Bible Heroes that Come in All Shapes and Sizes

I’ve talked before on here about how hard it can be to write a good children’s Bible. In addition to those afore-mentioned difficulties (linked), there is the challenge of what to include and what to exclude in so limited a space. Should Daniel be given precedence over Paul? How about Jonah vs. Joseph? Should some mention be made of Temple? And what on earth should you do with the book of Revelation?

Image: Amazon

One answer is just to write a whole series of such books on everyone from Deborah to Samson to the perhaps unfortunately named “Heroes of Babylon.” (Presumably the author means heroes in Babylon–not, like, Gilgamesh and Utnapishtem or anything like that.) Most recently I’ve read through the Little Bible Heroes Storybook, which I suppose to be a compendium of all or most of the other, shorter, volumes.

Overall, this book is fine. It’s theologically solid enough, and handles some difficult issues with appropriate tact (given the age level it’s aimed at). Noah is included, but the death of everyone else on the planet is not. Rahab gets a chapter, but her role as a part of the oldest profession is not.

That said, there are some oddities here and there about the book. For one thing, in a book titled Bible “Heroes”, there is at least one chapter (“Creation”) that focuses on an event, instead of on a ‘hero.’ What’s more, some of the choices of people as a ‘hero’ are a bit strange. For example, “Martha” is of course in the Bible, and an important person in the Gospels. But is she a ‘hero’, by any definition of the term?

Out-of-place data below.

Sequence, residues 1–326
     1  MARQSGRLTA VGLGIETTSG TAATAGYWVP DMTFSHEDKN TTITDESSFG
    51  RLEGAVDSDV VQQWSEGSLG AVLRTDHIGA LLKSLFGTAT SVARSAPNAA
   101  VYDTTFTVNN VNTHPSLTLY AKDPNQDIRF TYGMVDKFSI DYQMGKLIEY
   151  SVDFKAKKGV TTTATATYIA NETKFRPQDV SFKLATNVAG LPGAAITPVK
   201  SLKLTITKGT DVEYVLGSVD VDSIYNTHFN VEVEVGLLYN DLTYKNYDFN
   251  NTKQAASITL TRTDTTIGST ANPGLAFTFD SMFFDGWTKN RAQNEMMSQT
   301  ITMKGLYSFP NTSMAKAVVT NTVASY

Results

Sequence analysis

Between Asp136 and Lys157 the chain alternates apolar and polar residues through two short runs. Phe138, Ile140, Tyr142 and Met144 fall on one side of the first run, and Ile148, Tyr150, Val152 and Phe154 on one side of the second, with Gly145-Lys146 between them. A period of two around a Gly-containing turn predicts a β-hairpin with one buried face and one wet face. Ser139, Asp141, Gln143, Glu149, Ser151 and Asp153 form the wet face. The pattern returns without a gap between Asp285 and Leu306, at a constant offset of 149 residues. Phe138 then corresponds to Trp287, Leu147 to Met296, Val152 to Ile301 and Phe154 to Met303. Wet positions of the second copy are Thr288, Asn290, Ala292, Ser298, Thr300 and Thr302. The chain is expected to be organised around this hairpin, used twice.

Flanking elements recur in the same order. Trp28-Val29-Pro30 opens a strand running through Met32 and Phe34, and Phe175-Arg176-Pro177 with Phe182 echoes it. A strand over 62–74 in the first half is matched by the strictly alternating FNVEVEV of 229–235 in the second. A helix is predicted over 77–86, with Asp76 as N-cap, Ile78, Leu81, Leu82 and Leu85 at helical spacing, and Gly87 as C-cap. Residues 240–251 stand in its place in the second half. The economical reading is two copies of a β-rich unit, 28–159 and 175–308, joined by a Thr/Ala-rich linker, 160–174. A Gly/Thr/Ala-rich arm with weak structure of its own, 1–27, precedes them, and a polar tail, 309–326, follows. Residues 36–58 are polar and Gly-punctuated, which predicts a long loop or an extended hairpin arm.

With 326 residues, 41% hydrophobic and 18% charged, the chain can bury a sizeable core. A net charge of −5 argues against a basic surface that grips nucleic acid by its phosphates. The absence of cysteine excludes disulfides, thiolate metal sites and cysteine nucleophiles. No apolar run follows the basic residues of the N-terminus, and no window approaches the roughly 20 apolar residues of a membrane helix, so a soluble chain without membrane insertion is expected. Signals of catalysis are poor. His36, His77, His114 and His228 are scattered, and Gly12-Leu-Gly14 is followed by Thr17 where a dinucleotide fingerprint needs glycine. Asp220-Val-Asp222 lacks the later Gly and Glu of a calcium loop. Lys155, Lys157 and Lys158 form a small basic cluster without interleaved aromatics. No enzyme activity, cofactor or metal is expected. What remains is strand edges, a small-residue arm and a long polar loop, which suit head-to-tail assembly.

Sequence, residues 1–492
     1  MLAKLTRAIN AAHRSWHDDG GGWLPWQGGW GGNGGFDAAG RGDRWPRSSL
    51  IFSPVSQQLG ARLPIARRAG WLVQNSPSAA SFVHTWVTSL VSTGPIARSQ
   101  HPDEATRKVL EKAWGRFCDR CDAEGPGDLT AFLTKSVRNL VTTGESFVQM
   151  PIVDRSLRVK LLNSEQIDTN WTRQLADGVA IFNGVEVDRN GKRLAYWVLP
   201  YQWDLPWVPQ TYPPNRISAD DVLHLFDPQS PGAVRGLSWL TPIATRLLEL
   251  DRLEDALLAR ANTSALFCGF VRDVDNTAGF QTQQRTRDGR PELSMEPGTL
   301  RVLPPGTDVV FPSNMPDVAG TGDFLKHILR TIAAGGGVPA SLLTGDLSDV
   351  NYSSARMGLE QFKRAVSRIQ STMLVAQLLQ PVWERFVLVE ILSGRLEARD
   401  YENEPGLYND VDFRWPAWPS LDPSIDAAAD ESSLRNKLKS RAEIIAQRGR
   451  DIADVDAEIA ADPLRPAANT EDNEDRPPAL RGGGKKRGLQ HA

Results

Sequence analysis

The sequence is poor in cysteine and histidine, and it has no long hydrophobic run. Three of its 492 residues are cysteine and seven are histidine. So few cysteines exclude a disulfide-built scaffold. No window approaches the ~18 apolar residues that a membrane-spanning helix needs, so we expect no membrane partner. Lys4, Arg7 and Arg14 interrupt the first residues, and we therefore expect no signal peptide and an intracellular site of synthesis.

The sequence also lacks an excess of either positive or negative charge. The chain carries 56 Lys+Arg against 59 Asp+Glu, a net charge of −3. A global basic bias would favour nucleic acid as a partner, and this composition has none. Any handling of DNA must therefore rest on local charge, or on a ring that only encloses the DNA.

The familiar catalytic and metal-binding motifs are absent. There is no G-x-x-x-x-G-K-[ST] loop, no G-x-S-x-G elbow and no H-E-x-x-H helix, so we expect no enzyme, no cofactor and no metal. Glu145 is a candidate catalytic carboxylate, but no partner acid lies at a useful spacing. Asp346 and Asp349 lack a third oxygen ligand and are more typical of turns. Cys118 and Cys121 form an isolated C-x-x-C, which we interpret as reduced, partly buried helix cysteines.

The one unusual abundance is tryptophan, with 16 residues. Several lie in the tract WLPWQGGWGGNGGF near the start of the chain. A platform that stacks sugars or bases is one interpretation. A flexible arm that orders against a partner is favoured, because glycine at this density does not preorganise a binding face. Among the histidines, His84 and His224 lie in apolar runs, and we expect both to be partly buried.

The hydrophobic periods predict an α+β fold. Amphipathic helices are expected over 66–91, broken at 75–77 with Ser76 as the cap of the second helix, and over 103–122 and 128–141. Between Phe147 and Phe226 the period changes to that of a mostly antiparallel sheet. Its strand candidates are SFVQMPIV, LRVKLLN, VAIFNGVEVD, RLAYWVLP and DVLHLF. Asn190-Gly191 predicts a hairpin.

And of course there’s the broader fact that the only real hero in the Bible is Jesus. Everyone else, though they are instruments of God’s providential work in the salvation of His people, are sinners and desperately wicked. By no reasonable definition are they ‘heroes.’ Obviously that’s not something a children’s book needs to harp on extensively, but I’m not sure it should be ignored either.

I have no comment on the art in the book. I do have a comment on the “Free Video With Each Story” aspect. I’m sure these videos are fine (though I didn’t watch any of them), but I honestly don’t buy a book to read with my kid hoping that we’ll get to watch a bit of TV instead. And you’re fooling yourself if you think you’re going to go back to your book after picking up your smart phone.

And that is a shame, especially since the Little Bible Heroes Storybook is a book that should be read rather than set aside.

Dr. Coyle Neal is co-host of the City of Man Podcast and an Assistant Professor of Political Science at Southwest Baptist University in Bolivar, MO. 

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